|Publication number||US5578920 A|
|Application number||US 08/499,830|
|Publication date||Nov 26, 1996|
|Filing date||Jul 10, 1995|
|Priority date||Jul 14, 1994|
|Also published as||DE4424842C1, EP0692721A1, EP0692721B1|
|Publication number||08499830, 499830, US 5578920 A, US 5578920A, US-A-5578920, US5578920 A, US5578920A|
|Inventors||Anton Kuster, Dirk D. Laukien|
|Original Assignee||Spectrospin Ag|
|Export Citation||BiBTeX, EndNote, RefMan|
|Patent Citations (8), Non-Patent Citations (2), Referenced by (15), Classifications (9), Legal Events (6)|
|External Links: USPTO, USPTO Assignment, Espacenet|
The invention concerns a measuring device having at least one detection coil for the detection of nuclear magnetic resonance (NMR) from a sensitivity region of the detection coil within the earth, whereby nuclear spins within the sensitivity region are, in each case, excited to precess in the earth's field through repeated coherent excitation to produce a small NMR induction voltage in the detection coil which is introduced to a first amplifier.
A coil system of this kind is known in the art, for example, from DE 36 90 746C2. In this publication one attempts to extract spatially resolved information from the earth using NMR measurements. Towards this end a coil is placed on the earth's surface to produce an alternating field for the excitation of magnetic resonance in the earth's magnetic field. Subsequently, the resonance signal due to the free precession of the nuclear spins in the earth is measured using this coil.
The spatially resolved extraction of NMR signals from the earth is, in addition, known in the art from EP 0 512 345 A1, whereby, using surface coils, a main magnetic field, magnetic gradient fields, as well as a high frequency field for the excitation of the NMR signals are produced.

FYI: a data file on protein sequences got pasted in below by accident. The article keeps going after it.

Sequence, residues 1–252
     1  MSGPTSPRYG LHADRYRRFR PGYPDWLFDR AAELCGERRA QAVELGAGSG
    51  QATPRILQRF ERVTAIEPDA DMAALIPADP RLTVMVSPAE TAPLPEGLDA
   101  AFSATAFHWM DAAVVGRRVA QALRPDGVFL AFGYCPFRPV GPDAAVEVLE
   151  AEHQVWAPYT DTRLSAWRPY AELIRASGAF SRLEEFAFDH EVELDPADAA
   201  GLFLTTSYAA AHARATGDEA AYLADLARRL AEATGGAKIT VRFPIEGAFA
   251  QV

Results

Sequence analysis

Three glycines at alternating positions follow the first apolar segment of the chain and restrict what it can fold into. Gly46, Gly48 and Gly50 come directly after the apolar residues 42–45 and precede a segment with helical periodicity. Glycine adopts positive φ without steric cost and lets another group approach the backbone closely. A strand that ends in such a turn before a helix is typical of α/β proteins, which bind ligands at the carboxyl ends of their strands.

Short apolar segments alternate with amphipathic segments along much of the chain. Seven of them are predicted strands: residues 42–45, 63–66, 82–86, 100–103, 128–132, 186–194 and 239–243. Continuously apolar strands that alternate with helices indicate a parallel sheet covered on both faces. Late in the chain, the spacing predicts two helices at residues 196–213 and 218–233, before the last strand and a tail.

The elimination of interferences occurring during the recording of NMR signals in a configuration similar to that of DE 36 90 746 C2is known in the art from U.S. Pat. No. 3,019,383, wherein following each excitation, one records, using two receiving channels which are stored to magnetic tape, the interference together with the usable signal in one channel, and, following a waiting time, the interference only in the other channel. Both channels are simultaneously read-out and effectively subtracted. One collects data over a plurality of excitations to thereby suppress highly distorted signals.
The origin of NMR signals is usually moisture in the earth. The signals are extremely small so that, for a single excitation, they are buried in the noise of the measuring configuration. In a typical environment which can also be outside of a residential area, the received signal is nevertheless dominated by interferences which are generally associated with (but are not completely due to) the power line frequency of 50 Hz or the railway frequency of 16 2/3 Hz and their higher harmonics. Since there is no fixed phase relationship between the NMR excitation and the interfering signals, the interferences as well as the noise should be slowly averaged-out through accumulation of a large number of signals. For interferences which do not change within the framework of the repetition time of the excitation it is possible to utilize a subtraction procedure as in the above-mentioned U.S. Pat. No. 3,019,383. Towards this end, however, there is a dynamic range problem, since the largest interfering signal limits the maximum amplification.
However, it has been surprisingly demonstrated in field trials that although spatially homogeneous disturbances constitute the largest fraction of the interfering signals, a sizable portion is nevertheless due to inhomogeneous local interferences which are largely in the frequency range of the power lines or the railway frequency and their upper harmonics without being proximate to underground power lines or elevated power lines which could have explained same. The magnetic field lines of this interfering portion are not parallel and equidistant over the area of the measuring coil configuration but rather are diagonal thereto and the field strength has a spatial dependence.
Since the NMR measuring coil configuration is normally horizontally located on the ground, it can only detect signal components whose magnetic field vector is perpendicular to the earth's surface (z-direction). The inhomogeneous interfering fields, however, change from one partial detection coil to another with respect to their field strength as well as as their direction and are therefore not compensated for or not fully compensated for using a configuration having at least two coils which, in particular, are located in a common plane.
It it therefore the purpose of the present invention to improve a coil system of the above-mentioned kind in such a fashion that the interfering signals which occur are more satisfactorily eliminated.